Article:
A Californian Went to Denmark...and it Changed His Life
Jamaican dub meets Scandinavian minimalism in CHLLNGR's new album, Haven, but how did the nocturnal boy find warmth in those sometimes cold spaces? MTV Iggy writer Beverly Bryan joined him for a little record shopping to find out.
Deadly Dragon Sound is a microscopic cubbyhole of a record store in Manhattan’s Chinatown. Old dub and dancehall vinyl line the walls, all stored in white cardboard crates labeled “Riddim Box.” It smells pleasantly of herbal soap. Steve Borth, who records under the name CHLLNGR, stops in whenever he’s in New York and today seems comfortably home within its confines.
The Denmark-based electronic artist is in the city this week for a spate of shows — backing up Spoek Mathambo for a few dates, and also playing solo shows in support of his own recently released debut album Haven. His otherwise open face is obscured by a brambly beard, oversized glasses, and a lot of hair as he rifles through the boxes with zen-like attention. The headphones dangling from his neck add yet more clutter. Soon, he has collected a short stack of seven inches and plugs in to the turntable that Deadly Dragon makes available to customers.
Illuminated by the meager light filtering past the jungle of posters in the storefront window, he puts Millie’s “That’s How Strong My Love Is” on the platter for a spin. “She had a hit in the States when my mom was a kid,” Borth offers in his gentle Californian uptalk. It’s not pronounced, but a lot of his statements end like questions. He’s referring to 1964’s crossover hit “My Boy Lollipop,” first heard on an old Trojan Records compilation he thinks he picked up in England.
Originally from Sacramento, the 34 year-old musician started his career playing saxophone in Bay Area ska punk band Link 80 and in reggae-influenced band RX Bandits. His record habit dates from his time touring England with those bands. “In England [Jamaican music] is such a part of the culture. I think I gravitated to that because the people I met there introduced me to some tunes,” he muses. He especially gravitated to the laid back rhythms of dub and rocksteady. “I really like those two styles. I like mellow music.”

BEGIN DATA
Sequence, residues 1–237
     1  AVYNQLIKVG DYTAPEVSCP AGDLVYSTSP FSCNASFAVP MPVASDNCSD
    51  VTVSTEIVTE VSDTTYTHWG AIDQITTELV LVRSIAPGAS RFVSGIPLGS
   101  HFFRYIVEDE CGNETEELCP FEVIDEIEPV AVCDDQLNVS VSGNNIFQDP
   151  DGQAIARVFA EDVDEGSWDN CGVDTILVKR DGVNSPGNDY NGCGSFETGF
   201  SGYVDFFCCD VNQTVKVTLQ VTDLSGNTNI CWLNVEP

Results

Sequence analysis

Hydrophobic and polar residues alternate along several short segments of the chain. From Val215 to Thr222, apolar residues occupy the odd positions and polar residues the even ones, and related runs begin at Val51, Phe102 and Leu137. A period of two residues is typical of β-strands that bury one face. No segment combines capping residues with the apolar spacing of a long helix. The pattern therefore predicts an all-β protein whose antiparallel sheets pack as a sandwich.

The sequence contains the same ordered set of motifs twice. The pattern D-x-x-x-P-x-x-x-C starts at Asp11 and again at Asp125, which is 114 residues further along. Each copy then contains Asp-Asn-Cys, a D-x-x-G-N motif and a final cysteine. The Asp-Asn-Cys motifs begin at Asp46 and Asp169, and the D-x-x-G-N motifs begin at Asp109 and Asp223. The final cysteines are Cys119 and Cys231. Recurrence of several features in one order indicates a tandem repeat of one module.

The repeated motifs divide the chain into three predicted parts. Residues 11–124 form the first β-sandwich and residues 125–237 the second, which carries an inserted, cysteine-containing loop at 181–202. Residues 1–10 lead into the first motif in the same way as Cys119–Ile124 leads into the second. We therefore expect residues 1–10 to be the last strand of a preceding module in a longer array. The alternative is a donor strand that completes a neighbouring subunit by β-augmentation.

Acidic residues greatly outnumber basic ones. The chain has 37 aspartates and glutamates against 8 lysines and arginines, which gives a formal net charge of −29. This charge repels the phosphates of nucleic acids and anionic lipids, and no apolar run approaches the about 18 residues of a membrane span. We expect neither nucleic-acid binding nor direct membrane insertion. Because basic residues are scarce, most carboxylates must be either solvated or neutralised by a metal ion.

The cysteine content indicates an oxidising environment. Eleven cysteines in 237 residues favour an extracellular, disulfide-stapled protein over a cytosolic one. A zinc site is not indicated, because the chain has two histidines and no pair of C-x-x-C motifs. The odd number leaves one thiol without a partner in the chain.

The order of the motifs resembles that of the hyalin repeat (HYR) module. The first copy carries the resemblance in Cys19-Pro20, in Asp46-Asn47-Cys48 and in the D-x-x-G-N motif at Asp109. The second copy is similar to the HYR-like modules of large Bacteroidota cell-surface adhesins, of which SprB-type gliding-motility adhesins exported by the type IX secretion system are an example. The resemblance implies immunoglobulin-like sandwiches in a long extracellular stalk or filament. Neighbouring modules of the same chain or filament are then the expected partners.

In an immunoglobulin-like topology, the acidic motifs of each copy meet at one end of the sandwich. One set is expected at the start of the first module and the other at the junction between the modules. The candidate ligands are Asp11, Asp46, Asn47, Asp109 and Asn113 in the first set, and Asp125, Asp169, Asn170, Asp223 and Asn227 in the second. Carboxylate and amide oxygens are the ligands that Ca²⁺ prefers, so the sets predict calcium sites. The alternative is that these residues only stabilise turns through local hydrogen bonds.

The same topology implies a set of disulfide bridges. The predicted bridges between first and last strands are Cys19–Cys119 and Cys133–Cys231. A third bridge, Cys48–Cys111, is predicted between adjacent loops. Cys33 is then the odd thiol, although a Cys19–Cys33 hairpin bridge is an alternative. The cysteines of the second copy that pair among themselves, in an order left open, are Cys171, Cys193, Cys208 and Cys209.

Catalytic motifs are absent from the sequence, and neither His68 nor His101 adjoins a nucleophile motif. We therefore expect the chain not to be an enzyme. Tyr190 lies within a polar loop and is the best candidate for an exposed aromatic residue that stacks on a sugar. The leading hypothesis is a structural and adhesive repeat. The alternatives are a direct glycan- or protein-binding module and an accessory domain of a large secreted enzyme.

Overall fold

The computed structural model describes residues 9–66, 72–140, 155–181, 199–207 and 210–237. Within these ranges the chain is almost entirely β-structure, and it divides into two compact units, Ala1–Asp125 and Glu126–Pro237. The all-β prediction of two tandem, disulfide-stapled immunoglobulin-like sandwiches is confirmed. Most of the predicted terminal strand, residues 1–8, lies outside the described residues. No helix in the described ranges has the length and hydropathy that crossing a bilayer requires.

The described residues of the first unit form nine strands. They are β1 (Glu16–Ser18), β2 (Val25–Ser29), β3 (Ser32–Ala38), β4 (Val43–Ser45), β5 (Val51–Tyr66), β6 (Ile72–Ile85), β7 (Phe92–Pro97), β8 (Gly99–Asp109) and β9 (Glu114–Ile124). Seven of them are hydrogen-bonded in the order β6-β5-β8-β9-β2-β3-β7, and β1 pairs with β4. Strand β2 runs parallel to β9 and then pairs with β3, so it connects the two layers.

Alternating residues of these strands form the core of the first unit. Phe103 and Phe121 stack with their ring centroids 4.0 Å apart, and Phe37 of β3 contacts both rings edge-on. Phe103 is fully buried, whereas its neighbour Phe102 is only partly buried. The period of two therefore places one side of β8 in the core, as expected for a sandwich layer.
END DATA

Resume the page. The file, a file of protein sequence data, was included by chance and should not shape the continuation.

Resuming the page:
The moody imprint of dub is all over his work as CHLLNGR, albeit submerged and combined with UK garage. The latter influence is reflected in the shuffling beats, blips, and static, as well as the manipulation on the vocals, which are mainly Borth’s. Despite this, CHLLNGR is not dubstep. It has the same roots –dub, progressive electronic music, and soul — but recombined into something more like a haunted dub, with a generous scoop of waterlogged R&B.
It’s not dubstep’s twitchy, druggy darkness, nor is it dub reggae’s bubbling, murky cauldron. It’s not even quite like Burial, though Borth owns up to direct influence from the UK producer’s ominous body of work. The songs on Haven are more melodic and less sinister. The shadows are distinctly welcoming and the sub-bass hum is more warm than menacing. “Someone,” for example, with its billowing, ghostly vocals, is almost churchy — just in a midnight mass kind of way.
The producer is well aware of this sanctuary quality. “When I wrote the title track I chose the word ‘haven’ because I felt like the tune felt eerily comfortable.” That’s a pretty accurate assessment. On “Haven” unearthly distorted voices float in an amniotic stew of gentle poly-rhythms and fuzzy synth. It’s strange but peaceful.
According to him, Haven’s particular gloom was inspired by his first Scandinavian winter. “I’d say 75 percent of the album I wrote in Denmark during a freezing time. There was really no option to go out so I was totally focused. I would say the darker element of it probably came from being stuck inside,” Borth reflects.
If Haven’s shadows stem from a dark place it must have been the nurturing dark that allows mushrooms to grow and film to develop. Borth has found a haven of his own in Denmark. While on tour with his reggae band Satori, he met a Danish woman at a show in the autonomous commune Christiania. “A friend had kind of set us up, we didn’t know. We were both there and we started talking and we didn’t stop talking,” the he says.
Three years later, they are married, Borth is on track to become a permanent resident, and two weeks ago they welcomed a daughter. As his personal life changed, so did his musical direction. He’d been playing with Satori for several years and “I needed to figure out something that I could do on my own where I’m totally independent,” he recalls.
In early 2010 he started tinkering with an old reverb machine he bought on Ebay and, 18 months later, finished Haven.